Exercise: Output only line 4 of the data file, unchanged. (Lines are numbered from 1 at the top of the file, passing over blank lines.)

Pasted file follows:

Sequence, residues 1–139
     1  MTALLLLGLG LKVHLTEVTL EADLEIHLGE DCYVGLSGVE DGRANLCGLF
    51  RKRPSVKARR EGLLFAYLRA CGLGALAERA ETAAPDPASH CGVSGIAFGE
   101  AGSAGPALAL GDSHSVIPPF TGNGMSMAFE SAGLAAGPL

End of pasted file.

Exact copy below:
   101  AGSAGPALAL GDSHSVIPPF TGNGMSMAFE SAGLAAGPL